This page is an example of the best and the worst of Femforce, with heroic actions by our powerful lady quartet, all the while showing off the puffy nipples and exposed skin that always makes it a little embarrassing to recomend this book.  There’s also the recurring theme of giant women, which is almost always present in a fetishy fashion, but it’s quite pretty, and a reasonable approximation of the work of legndary good girl artist Matt Baker.  The Femforce is freed from their giant attackers by the attack of a Tyrannosaurus Rex, from which they then have to save themselves, thanks to Tara’s vine-swinging skills, while the real villain, Ripjaw (himself an updated version of Golden Age Crimebuster baddie Iron Jaw) skulks in the shadows.  Unfortunately, Rio Rita (remember Rio Rita?  The reason this whole exercise started?) finds that the Amazon tribe has captured her for a strange sacrifice to their new god: The Time Twister!

So, we got time-travel, dinosaurs, giants, superheroes and lady Tarzan, as well as a cyborg nazi…  All this story is missing is a couple of aliens for the perfect fullbore lunatic comic nonsense prize.  The Femforce finds the Amazong stronghold and, thanks to the claws and feet of She-Cat, makes their way to where the creator of the Time Twister is being held.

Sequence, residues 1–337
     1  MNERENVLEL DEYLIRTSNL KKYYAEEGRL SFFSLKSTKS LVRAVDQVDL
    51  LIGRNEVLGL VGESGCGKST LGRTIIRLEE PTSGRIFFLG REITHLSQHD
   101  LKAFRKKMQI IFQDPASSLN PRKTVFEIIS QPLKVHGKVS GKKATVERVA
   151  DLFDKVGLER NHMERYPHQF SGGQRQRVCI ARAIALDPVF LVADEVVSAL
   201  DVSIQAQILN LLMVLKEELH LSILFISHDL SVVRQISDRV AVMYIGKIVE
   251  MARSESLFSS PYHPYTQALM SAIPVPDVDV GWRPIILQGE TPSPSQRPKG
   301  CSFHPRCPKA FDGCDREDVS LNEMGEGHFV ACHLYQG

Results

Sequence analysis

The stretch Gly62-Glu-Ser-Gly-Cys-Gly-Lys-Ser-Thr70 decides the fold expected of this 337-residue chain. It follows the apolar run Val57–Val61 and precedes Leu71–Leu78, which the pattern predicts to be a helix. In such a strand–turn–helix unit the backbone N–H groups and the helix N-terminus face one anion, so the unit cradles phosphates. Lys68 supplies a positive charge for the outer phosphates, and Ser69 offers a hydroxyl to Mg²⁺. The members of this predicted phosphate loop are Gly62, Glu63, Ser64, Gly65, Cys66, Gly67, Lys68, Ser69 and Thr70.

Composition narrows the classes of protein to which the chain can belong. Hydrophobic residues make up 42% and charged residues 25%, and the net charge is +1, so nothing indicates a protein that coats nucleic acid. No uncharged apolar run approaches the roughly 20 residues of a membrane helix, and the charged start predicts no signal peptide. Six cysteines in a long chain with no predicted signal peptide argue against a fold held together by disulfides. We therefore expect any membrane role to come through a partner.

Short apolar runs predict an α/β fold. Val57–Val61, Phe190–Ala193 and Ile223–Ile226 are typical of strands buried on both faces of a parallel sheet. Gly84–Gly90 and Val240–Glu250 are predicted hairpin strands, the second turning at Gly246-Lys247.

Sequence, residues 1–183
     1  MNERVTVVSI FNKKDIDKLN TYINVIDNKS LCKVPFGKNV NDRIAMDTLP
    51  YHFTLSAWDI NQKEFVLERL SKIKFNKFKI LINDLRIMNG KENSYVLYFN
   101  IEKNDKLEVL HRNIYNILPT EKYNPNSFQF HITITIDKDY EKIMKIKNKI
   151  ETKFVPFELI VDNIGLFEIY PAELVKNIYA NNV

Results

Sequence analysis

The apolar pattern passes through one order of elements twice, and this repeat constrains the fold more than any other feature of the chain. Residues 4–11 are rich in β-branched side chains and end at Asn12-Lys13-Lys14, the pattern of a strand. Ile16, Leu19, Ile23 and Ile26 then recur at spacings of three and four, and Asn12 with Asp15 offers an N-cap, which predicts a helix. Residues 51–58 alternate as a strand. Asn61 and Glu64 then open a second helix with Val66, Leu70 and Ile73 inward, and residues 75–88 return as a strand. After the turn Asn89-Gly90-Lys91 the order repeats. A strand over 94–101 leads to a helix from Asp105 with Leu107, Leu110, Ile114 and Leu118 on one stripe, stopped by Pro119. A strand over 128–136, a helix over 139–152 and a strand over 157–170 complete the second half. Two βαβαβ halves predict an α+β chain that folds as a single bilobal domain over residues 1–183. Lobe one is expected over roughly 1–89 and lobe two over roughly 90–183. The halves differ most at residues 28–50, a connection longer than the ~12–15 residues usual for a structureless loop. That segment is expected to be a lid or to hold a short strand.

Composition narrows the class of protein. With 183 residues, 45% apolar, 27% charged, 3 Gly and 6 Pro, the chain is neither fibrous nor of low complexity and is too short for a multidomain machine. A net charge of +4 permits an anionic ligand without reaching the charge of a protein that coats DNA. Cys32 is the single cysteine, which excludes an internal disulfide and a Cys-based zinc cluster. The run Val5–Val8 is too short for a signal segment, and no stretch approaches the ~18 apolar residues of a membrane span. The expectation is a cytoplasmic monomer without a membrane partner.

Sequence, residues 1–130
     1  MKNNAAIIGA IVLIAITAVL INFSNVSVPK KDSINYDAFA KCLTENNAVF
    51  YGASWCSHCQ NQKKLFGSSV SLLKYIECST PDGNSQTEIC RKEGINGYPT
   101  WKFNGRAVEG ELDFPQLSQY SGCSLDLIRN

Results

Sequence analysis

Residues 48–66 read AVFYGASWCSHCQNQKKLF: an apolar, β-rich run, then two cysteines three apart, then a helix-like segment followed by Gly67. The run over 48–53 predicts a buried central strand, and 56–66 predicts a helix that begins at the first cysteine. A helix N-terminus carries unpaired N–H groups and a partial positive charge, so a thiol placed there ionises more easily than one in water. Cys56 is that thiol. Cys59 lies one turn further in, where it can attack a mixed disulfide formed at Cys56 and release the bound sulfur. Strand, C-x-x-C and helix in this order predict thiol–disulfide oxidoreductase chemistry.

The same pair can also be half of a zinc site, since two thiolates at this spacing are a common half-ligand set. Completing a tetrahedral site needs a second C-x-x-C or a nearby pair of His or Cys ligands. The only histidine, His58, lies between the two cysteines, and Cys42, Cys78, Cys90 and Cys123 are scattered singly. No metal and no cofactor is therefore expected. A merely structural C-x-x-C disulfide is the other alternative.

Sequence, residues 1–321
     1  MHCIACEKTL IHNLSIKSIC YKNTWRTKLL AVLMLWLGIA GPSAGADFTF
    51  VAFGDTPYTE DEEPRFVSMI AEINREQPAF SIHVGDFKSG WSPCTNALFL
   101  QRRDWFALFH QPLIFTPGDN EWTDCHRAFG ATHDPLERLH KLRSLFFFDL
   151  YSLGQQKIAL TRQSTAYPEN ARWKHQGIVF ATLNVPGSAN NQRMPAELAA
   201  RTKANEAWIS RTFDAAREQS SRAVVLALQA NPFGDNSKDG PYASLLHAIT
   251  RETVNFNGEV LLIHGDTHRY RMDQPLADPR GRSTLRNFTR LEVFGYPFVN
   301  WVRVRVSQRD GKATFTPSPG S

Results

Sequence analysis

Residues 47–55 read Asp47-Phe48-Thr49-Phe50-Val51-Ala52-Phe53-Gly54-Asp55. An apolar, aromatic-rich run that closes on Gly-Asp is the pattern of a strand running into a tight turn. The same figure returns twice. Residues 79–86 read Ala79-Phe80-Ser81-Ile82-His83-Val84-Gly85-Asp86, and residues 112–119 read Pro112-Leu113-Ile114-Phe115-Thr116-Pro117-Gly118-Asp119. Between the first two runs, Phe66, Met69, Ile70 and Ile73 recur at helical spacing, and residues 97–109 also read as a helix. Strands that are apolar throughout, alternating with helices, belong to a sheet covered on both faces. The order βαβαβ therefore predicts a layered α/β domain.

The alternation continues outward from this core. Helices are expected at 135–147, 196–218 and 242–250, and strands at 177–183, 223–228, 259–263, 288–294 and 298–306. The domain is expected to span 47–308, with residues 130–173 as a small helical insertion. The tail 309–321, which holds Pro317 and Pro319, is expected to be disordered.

It goes… poorly.

It’s a classic “Dun DUN DAAAAAH!” moment, albeit with more Amazon giants than your average soap opera.  Thanks the the slow-and-steady nature of AC’s output, all the heroes have appeared in multiple stories in books like ‘Bizarre Thrills’ for several years, and even the Femforce team itself has appeared before this first issue.  This makes trying to collect their output and put it in any sort of order maddening, but it’s always fun to immerse yourself in the joyfulness of an AC book, leaving Femforce #1 with a confused, slighting overwhelmed, but entertained 3 out of 5 stars overall.  Given that issue #187 is scheduled to hit stories in just a couple of weeks, you’ve got plenty of time to find and read the other hundred-eighty-something comics before it hits!


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FEMFORCE #1

60%
60%
Fun, But A Bit Embarrassing

It's not always comfortable to see the peek-a-boo art, but there's an infectious kind of fun to be had here.

  • Writing
    5
  • Art
    8
  • Coloring
    5
  • User Ratings (0 Votes)
    0
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Once upon a time, there was a young nerd from the Midwest, who loved Matter-Eater Lad and the McKenzie Brothers... If pop culture were a maze, Matthew would be the Minotaur at its center. Were it a mall, he'd be the Food Court. Were it a parking lot, he’d be the distant Cart Corral where the weird kids gather to smoke, but that’s not important right now... Matthew enjoys body surfing (so long as the bodies are fresh), writing in the third person, and dark-eyed women. Amongst his weaponry are such diverse elements as: Fear! Surprise! Ruthless efficiency! An almost fanatical devotion to pop culture! And a nice red uniform.